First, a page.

Thursday, May 18, 2006

The Da Vinci debacle

Whatever happened to just going to watch a movie for entertainment? I am deeply bothered by the fact that countries around the world are debating banning the Da Vinci Code. Not only is it a violation of the most basic of freedoms – speech. It’s also just a movie, an obvious piece of fiction. Whatever happened to our right to choose what we can or cannot watch and to making up our own minds about what it all means.

I will admit I loved the book (I'm a big fiction fan, and this was a thriller extraordinaire!). The Da Vinci Code. I even like how the title rolls off my tongue. I read it in one night in Madrid, despite being exhausted by sightseeing and knowing that if I got too little sleep I’d be in no shape to do continue on the endless sightseeing the next day. I still slept only at 4am but my mind was still buzzing with the plot of the book next morning. I had no problem sightseeing - all the while rabbiting on at V about how it was one of the most exciting books I had read in a while and how he should waste no time before getting his hands on it.

Proof that EVERYONE was reading it could be seen at airport lounges, train stations, in buses and the tube, peeking out of handbags, in sweaty hands. I needed no further proof of its popularity when we saw the book in the hands of EVERY holidaymaker at the resort in Zanzibar – translations in no less than 12 langauges. We were already done reading it and stuck out like sore thumbs with our ‘Ji-Mantriji/ Pradhanmantriji’ collection!

Veering back to the current day I still can’t believe that Governments are being tasked with deciding if a film is religiously ‘accurate’. I mean, come on, Dan Brown’s book was clearly a piece of fiction and like any novel had a backdrop based in reality, for context if you like. The movie is just an adaptation of the book and is clearly just entertainment fiction, dramatised with a thriller type story. I cannot believe that ANYONE is worried that people will go watch the film and think it’s the truth. If anyone who went to the movies (as opposed to fact based documentaries like the ‘March of the Penguins’) believed that everything they saw was true we have much bigger problems my friends! We’d then have droves of people waiting for King Kong to attack their city centre, Godzilla to climb over their fences and apocalypse to strike at any minute. On the other hand all the droves will probably be hiding at home, feet at the ready toward fully stocked bunkers, with their binoculars and digital cameras at the ready to record any ‘untoward’ incident. So no need to worry that they’ll go watch the movie and yell, “blasphemy!”.

As for Governments, what do they know – and why hasn’t anyone objected to any of the other films that might offend some religion. How do all the other movies get by the various religions? And why should they be checked for religious accuracy anyway? Since when are we too dumb to make logical sensible conclusions from watching movies? This is such a big brother action. Oooh, I do not have a good feeling about this suddenly. If they do decide to ban this film I can see all kinds of problems for the film industry and the future of any kind of movie with a religious angle or undertone to it. If all these religious groups feel that the 'story' is a distortion of their religion, they should just not watch it. They shouldn't bar all the smart people, with great judgement (ie, me and the like) from watching it.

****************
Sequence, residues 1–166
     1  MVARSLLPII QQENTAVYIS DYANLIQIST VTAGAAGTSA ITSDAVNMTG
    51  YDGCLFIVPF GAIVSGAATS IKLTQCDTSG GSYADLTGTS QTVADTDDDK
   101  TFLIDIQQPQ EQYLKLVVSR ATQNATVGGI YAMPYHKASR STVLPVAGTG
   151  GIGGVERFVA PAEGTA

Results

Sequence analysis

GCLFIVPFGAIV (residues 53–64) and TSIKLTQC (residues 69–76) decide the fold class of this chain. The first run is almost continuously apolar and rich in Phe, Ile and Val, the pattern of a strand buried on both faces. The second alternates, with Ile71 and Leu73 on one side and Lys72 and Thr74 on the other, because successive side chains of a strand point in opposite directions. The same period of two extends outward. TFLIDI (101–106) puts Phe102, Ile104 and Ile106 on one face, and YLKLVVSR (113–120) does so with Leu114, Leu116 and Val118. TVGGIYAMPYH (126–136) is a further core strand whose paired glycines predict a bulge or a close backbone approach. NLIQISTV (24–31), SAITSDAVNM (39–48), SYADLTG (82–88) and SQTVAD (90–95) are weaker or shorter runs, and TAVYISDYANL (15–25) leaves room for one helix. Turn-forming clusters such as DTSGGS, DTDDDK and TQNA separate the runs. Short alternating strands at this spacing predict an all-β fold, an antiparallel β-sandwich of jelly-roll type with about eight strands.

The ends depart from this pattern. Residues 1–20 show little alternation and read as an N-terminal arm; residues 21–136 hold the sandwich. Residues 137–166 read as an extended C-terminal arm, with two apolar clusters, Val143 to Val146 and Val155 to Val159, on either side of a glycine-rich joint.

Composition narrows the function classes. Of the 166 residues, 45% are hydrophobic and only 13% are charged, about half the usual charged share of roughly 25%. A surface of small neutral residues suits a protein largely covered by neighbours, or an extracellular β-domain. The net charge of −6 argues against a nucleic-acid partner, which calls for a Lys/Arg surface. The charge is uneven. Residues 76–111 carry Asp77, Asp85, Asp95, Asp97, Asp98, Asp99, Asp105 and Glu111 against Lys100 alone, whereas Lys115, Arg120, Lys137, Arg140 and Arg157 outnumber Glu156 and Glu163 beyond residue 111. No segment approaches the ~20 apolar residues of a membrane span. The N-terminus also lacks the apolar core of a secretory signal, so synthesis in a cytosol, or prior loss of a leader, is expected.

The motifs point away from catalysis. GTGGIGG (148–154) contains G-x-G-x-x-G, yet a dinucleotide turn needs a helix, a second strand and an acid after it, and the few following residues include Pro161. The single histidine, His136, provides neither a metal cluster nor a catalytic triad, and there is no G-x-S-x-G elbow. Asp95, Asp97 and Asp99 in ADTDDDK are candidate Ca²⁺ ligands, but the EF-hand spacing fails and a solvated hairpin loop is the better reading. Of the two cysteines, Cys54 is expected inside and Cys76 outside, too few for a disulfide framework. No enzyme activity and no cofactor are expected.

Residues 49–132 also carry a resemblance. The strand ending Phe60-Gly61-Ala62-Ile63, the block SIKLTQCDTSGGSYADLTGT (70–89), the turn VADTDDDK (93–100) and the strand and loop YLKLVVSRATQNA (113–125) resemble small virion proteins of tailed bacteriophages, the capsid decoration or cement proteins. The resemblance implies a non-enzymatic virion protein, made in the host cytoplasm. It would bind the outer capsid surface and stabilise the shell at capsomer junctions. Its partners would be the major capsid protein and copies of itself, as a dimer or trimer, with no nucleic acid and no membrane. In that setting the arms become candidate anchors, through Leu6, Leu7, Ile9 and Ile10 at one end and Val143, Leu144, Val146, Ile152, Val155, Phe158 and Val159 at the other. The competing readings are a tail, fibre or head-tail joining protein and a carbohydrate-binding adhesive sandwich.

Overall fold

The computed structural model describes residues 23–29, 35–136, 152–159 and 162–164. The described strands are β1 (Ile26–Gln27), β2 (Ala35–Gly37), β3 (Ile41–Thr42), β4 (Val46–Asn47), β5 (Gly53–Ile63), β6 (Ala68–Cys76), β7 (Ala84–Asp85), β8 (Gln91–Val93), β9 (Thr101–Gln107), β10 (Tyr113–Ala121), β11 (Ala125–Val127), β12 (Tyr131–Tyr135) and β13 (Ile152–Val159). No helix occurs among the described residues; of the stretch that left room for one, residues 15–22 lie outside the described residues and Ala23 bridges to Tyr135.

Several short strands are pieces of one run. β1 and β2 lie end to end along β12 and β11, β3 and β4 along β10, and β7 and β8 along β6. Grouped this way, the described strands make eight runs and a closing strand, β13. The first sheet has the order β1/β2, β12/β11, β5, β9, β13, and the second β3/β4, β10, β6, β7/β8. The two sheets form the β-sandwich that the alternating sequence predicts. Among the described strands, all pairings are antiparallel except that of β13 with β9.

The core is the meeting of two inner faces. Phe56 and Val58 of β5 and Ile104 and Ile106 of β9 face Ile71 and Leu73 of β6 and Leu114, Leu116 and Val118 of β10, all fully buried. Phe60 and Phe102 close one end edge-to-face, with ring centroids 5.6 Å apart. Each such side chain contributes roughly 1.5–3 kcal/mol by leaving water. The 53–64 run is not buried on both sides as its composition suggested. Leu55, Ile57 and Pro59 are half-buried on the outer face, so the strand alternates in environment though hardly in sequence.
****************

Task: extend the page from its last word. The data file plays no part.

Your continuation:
Just to be irritating I’m planning to watch the movie twice: once with friends next Friday and then again with V when he’s done with his CFA exam on the 3rd of June. And I’m sure I will enjoy the thriller bits, Tom and Audrey racing around through Paris and my lovely London. I’m also planning to re-read the book before I go watch the film – just to refresh my memory of all the details and see how closely Ron Howard has recreated the plot. I was disappointed in Tom Hanks being the choice for Langdon and am hoping he will exceed my fairly low expectations of him in this part! For the moview I have high hopes.

I hope all these Governments and all the people lobbying to ban it lose their battle. I hope you can go watch the movie – because it is just that, a movie, a piece of entertainment. Where you can leave your mind at home and sit in a cool air-conditioned cinema hall, eat popcorn, drink cola, forget your worries and revel in a cinematic experience. At the end of the day I hope your right to see a movie is still your right.


  1. Anonymous10:02 PM

    i am also not happy with the Tom Hanks casting...

  2. I was dissapointed with the reaction in India esepcially. In the 'secular' India of Congress, this is bound to happen. There is a democratic and legal process that should have been followed, not pandering to a bunch of organizations demanding a ban. Why should the government step in at all?

  3. Ahhhh, everyone wants to be in the limelight y'know. Few days and the dust will settle. I have a feeling the movie ain't gonna be as good as the book.

    On the same note, I think Dan Brown is more like a one hit wonder.. Sakrileg (Deutsche) for example, and a couple of other books are on the same lines.

    Guess DVC might be his only good book.

  4. Yes, I'm really surprised about the reaction here in India! it's ridiculous. I can't imagine that our more erudite Catholics would have anything against the movie--they know it for it is, a big work of FICTION. Just some others protesting for the sake of it think I.

  5. Anon: Yeah Tom Hanks probably won't cut it

    Parth: What is wrong with all these organisations - its almost as if they have no other work to do and would rather pick on a move for its sake.

    Me: Dan Brown is a few hit wonder I think. As for liking the limelight, the dust is sure settling fast!

    Suemamma, Anyone who sees the movie will be quick to see how much a piece of fiction it is!